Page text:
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Entrevistas

A close relationship with local environments and ecosystems is more critical than ever in the face of a rapidly changing climate. This program features two perspectives from Indigenous communities that are practicing resiliency to global warming by adapting their traditional knowledge and science to put a changing climate into the context of their communities' history and lifeways.

INTERVIEWEES
Elizabeth Azzuz (Yurok), Cultural Fire Management Council
Jannie Staffansson (Saami), Arctic and Environment Unit of the Saami Council

Indigenous communities in Honduras have stewarded the Muskitia, a rain forest which includes one of the richest concentrations of biodiversity in the world, for centuries. Osvaldo Munguia is a representative of MOPAWI, an organization that partners with Indigenous groups to protect this UNESCO world heritage site from being overtaken by logging, mining, and forestry business interests.

MUSIC
"Remember Your Children," by Salidummay. Used with permission.
Introduction: "Burn Your Village to the Ground" by A Tribe Called Red. Used with permission.

What can Western science learn from Indigenous knowledge? We speak with Dr. Daniel Wildcat (Yuchi) and Tui Shortland (Maori) about the value of Indigenous longitudinal place-based knowledge that Indigenous People have gathered over millennia. We unpack what positive collaboration between Western science and Indigenous science can look like and why it is important.

Credits:

Background music:
"Atahualpa" and "Lights in the forest" by Yarina. Used with permission.

Can traditional knowledge from Indigenous communities provide us with answers to fighting climate change? We speak with Andrea Carmen (Yaqui), Executive Director of International Indian Treaty Council. She speaks about how Indigenous women are very strong voices in the work for the protection of the environment, through their role as food producers, knowledge holders, and the first teachers of children.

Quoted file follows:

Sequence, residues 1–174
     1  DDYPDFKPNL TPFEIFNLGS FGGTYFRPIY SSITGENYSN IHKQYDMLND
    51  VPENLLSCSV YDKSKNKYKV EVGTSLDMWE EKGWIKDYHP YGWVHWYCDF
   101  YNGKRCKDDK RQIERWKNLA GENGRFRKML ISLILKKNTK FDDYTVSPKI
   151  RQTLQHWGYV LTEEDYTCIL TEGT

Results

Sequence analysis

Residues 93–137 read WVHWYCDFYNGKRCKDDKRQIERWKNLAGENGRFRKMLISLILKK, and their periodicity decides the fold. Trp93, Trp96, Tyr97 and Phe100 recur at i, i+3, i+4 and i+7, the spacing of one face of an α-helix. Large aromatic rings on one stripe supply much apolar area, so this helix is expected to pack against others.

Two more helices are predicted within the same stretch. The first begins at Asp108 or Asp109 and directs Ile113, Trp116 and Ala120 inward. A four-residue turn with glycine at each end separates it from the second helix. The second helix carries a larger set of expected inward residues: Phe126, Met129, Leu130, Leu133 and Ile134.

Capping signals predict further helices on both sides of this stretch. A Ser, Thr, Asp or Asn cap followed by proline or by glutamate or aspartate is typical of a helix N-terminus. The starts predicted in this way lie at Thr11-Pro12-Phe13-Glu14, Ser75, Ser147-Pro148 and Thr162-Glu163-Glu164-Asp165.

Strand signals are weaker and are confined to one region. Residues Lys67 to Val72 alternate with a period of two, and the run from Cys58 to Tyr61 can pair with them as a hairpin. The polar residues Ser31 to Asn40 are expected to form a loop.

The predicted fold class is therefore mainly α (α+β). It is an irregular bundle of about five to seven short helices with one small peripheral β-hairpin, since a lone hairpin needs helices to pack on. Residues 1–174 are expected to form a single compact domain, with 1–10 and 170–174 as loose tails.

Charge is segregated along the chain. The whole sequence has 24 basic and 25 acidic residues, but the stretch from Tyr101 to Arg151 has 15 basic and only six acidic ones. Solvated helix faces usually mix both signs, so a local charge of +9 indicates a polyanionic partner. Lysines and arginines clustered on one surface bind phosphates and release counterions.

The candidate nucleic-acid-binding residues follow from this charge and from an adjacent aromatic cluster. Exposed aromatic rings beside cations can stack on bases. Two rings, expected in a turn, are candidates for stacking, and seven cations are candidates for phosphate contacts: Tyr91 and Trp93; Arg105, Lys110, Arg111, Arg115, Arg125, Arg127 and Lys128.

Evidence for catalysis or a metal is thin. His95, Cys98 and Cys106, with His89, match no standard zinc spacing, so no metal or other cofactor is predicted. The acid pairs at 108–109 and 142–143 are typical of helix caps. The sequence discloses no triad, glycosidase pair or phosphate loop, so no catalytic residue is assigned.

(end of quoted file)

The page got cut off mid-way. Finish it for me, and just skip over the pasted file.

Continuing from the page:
In Mbororo communities in Chad, Indigenous women are the most affected by climate change because they are the ones collecting food, water, and traditional medicines for their families. Changes to their environment have cause increased hardship on the Mbororo who are pastoralist cattle headers, as they are forced to move more frequently to cope with increasing drought conditions.

What is the role of Indigenous Peoples in the current climate crisis? What responsibility do Indigenous Peoples feel towards Mother Earth today? Listen to three Indigenous women leaders give their perspectives on their feeling of the interconnection between all living things and our planet in the face of climate change, and what they feel should be done with that knowledge.

Lakes and forests in the Mt. Talinis area of the Phillipines are under threat from recent expansions of the energy industry. Apolinario Carino is working with the organization PENAGMANNAK, a federation of 17 Indigenous Peoples’ community groups, to pioneer community management strategies of reforestation designed to empower the Indigenous groups to shape the future of their lands. Apolinario hopes to share the knowledge that they have gained from these experiences in order to better combat climate change on a global scale.

Indigenous communities often hold invaluable knowledge about medicinal plants and healing practices rooted in the environment and resources of their traditional homelands. Anoop Pushkaran Krishnamma is working with the Kerala Kani Community Welfare Trust in partnership with Indigenous communities in India to record and preserve this knowledge, allowing for healing practices to be utilized by future generations.

Ezekiel Tye Freeman is the executive director of Green-PRO, which helps Liberian communities develop sustainable livelihoods for self-reliance. Beekeeping training programs, for example, offer a lucrative and environmentally friendly economic alternative to mining or slash-and-burn farming for individuals. Freeman points to high levels of unemployment among Liberia's Indigenous population as a major problem that his organization wants to attempt to alleviate.

George ‘Bic’ Manahira describes how his community established the
world's first community-run octopus, sea grass, and mangrove reserve in partnership with Blue Ventures, a UK-based NGO, in order to strengthen the traditional sea-resource-based livelihood of the coastal Indigenous communities in Madagascar. They hope to expand and improve on the model in collaboration with other Indigenous groups and leaders in the coming years.

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